The Words of Hak Ja Han (Mrs. Sun Myung Moon)
On October 4, about 60 church leaders gathered in the living room of East Garden for a conference with Mother.
Alter wishing everyone a happy Day of Victory of Heaven and a happy Day of Liberation (in memory of Father's release from a South Korean prison), Mother talked in an informal, relaxed manner about what she has been doing since Father entered prison.
She first invited all the leaders to feel at home -- to he relaxed and free and to converse honestly with each other for the betterment of our movement. It had been three months since the last conference, and she likened the meeting to a warm homecoming. Mother said she appreciates it when her own children freely confide in her, and she urged people not to feel distant:
"Dignity is important, but not at the price of intimacy."
Mother then went on to say that she knows many members have gone through deep soul-searching and repentance. While it is true that Father is suffering for our iniquities and those of all humanity, she said, "we cannot afford to live with a guilt complex." We ought instead to become people of unfailing love. "Love encompasses everything; it overcomes all difficulties. In the end it is love alone that prevails," she said.
Mother visits Father every other day. Sometimes she sees him two or three days in a row. In addition to this, Father calls her twice every day -- in the early morning and late at night whether she has visited him that day or not. She thus has to know what's going on in our movement to give complete reports to Father.
In the little free time she has, Mother watches Korean video dramas, from which she has learned many things that can be related to our movement.
In one story which took place during the Yi Dynasty (which ruled Korea during the 500 years before 1910) she observed that when the subjects of the country, particularly the leaders, supported the royal family and were united and unselfish among themselves, the kingdom flourished. However, when the people surrounding the king were fighting, due to jealousy and self- centeredness, the kingdom suffered serious decline.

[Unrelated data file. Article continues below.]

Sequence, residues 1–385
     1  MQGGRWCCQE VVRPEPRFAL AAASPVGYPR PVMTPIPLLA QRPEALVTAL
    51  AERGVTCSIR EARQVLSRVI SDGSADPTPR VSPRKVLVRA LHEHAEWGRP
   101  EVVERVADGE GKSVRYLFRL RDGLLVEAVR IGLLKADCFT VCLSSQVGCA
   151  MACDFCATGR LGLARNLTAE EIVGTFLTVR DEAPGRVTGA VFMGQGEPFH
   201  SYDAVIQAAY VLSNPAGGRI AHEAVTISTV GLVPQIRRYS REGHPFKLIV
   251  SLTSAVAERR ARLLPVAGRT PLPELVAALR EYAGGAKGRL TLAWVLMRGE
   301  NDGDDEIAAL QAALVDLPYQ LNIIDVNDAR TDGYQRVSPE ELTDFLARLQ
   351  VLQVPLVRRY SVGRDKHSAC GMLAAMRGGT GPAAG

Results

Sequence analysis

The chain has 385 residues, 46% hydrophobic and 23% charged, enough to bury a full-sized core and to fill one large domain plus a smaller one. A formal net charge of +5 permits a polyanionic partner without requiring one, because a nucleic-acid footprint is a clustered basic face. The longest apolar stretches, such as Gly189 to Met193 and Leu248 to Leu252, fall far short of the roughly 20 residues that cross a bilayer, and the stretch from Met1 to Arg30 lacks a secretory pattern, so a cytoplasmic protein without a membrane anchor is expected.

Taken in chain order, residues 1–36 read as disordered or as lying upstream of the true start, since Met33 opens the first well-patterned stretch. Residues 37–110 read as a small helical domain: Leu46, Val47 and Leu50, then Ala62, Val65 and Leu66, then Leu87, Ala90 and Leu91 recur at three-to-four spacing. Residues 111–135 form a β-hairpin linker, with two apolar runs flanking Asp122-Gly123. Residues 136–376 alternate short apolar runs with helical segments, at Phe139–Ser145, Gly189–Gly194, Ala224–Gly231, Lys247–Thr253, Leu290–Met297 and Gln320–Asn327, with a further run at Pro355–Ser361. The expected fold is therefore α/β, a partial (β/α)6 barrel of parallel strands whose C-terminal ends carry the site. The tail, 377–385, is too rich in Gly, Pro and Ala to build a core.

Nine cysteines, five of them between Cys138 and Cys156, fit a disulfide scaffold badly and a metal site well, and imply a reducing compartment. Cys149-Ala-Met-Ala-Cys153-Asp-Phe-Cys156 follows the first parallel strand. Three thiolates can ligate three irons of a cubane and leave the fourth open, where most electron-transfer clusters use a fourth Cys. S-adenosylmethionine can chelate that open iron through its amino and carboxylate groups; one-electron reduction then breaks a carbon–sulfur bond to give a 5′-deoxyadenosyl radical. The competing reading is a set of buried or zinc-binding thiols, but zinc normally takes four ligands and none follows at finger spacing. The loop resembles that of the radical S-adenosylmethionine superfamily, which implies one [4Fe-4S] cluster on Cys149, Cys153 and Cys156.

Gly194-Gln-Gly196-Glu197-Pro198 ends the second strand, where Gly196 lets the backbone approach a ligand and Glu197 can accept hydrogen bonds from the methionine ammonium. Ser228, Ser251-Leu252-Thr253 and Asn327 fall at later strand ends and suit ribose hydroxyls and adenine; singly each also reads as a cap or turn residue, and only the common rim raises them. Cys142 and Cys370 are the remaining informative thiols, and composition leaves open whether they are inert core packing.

A modern story about a couple, who through an accident that happened to the wife lost the ability to have children, particularly impressed Mother. According to Korean tradition, because the husband in this case was an only son himself, he would be expected to divorce her and remarry. This husband, however, chose to remain loyal to her although she was barren and half-paralyzed, saying that their souls would be one for eternity. "This story made me realize that Father is truly the most wonderful husband,' said Mother, "and at the same time he is the most wonderful, loyal bridegroom to all humankind. Even though America and the world, as a bride, rejected and mistreated him, he never abandoned her. Father will never mistreat his own bride."
In another historical drama, Mother observed that each of the Korean kingdoms had its founding elders. They were riot always the most intelligent, wise, or talented people, but because of their loyalty, experience, and vital understanding of tradition, they proved to be the kingdom's most valuable assets. Mother likened them to the Unification family. Although, she said, our elder blessed couples may not be the most efficient, educated, wisest, or most perfect people, they have gained a depth of heartistic understanding that is irreplaceable:
They are the fruit that our Father gathered under the most difficult circumstances. They understand the depth of his suffering heart. They shared sorrow and hardship, but also deep joy together. We all know the contents of Principle, but the center of Principle is heart. These elders came into a heartistic relationship with our True Parents. Through rain and sunshine, hardship and victory, they have always remained there supporting the True Parents, and they live and die for the sake of the mission granted to them.
Mother said that while younger members may be better educated, may have heard Father speak more often and so have a better grasp of his ideas, the Korean elders, through their long experience of serving True Parents, have gained something impossible to gain any other way. For that reason they can contribute a great deal to us, and to the tradition of our church. "They might look ugly sometimes, even dirty," Mother said, ''but they are there to provide the vitality needed for the Kingdom to survive and flourish."
When the parents are away, she said, it is natural for the younger children to turn to the older ones for guidance and comfort. Mother asked that American members develop deeper respect and love for the elder Korean and Japanese brothers and sisters. It is important for us to inherit the traditions they have learned. She asked for understanding and harmony among all members, and particularly for unity among the Koreans, Japanese, and Americans.
The conference was a precious opportunity to meet Mother on an intimate level. Throughout the meeting she was warm and relaxed. She truly treated everyone there as her beloved children, and in her glowing presence an atmosphere of peace and love reigned. In order to make October a victorious month, Mother asked in conclusion that we prepare for Children's Day by striving to be united as one loving family.